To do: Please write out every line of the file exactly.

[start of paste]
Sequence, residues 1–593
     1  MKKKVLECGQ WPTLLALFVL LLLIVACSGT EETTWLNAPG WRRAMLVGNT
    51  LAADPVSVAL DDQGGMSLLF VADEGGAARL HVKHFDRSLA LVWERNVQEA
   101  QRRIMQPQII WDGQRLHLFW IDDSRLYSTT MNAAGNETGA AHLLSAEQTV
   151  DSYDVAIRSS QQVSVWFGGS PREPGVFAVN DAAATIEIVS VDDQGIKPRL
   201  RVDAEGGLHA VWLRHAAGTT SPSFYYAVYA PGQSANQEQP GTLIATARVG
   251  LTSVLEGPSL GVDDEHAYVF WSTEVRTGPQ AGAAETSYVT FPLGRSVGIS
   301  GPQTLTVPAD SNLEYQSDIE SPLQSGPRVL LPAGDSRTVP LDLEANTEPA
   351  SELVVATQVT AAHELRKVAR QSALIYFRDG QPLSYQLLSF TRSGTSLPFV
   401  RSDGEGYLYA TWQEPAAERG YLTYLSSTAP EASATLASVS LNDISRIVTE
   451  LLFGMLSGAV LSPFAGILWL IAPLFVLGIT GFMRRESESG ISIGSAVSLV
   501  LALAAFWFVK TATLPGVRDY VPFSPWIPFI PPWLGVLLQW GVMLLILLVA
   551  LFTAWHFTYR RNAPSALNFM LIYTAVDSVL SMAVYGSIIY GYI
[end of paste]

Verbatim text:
Sequence, residues 1–593
     1  MKKKVLECGQ WPTLLALFVL LLLIVACSGT EETTWLNAPG WRRAMLVGNT
    51  LAADPVSVAL DDQGGMSLLF VADEGGAARL HVKHFDRSLA LVWERNVQEA
   101  QRRIMQPQII WDGQRLHLFW IDDSRLYSTT MNAAGNETGA AHLLSAEQTV
   151  DSYDVAIRSS QQVSVWFGGS PREPGVFAVN DAAATIEIVS VDDQGIKPRL
   201  RVDAEGGLHA VWLRHAAGTT SPSFYYAVYA PGQSANQEQP GTLIATARVG
   251  LTSVLEGPSL GVDDEHAYVF WSTEVRTGPQ AGAAETSYVT FPLGRSVGIS
   301  GPQTLTVPAD SNLEYQSDIE SPLQSGPRVL LPAGDSRTVP LDLEANTEPA
   351  SELVVATQVT AAHELRKVAR QSALIYFRDG QPLSYQLLSF TRSGTSLPFV
   401  RSDGEGYLYA TWQEPAAERG YLTYLSSTAP EASATLASVS LNDISRIVTE
   451  LLFGMLSGAV LSPFAGILWL IAPLFVLGIT GFMRRESESG ISIGSAVSLV
   501  LALAAFWFVK TATLPGVRDY VPFSPWIPFI PPWLGVLLQW GVMLLILLVA
   551  LFTAWHFTYR RNAPSALNFM LIYTAVDSVL SMAVYGSIIY GYI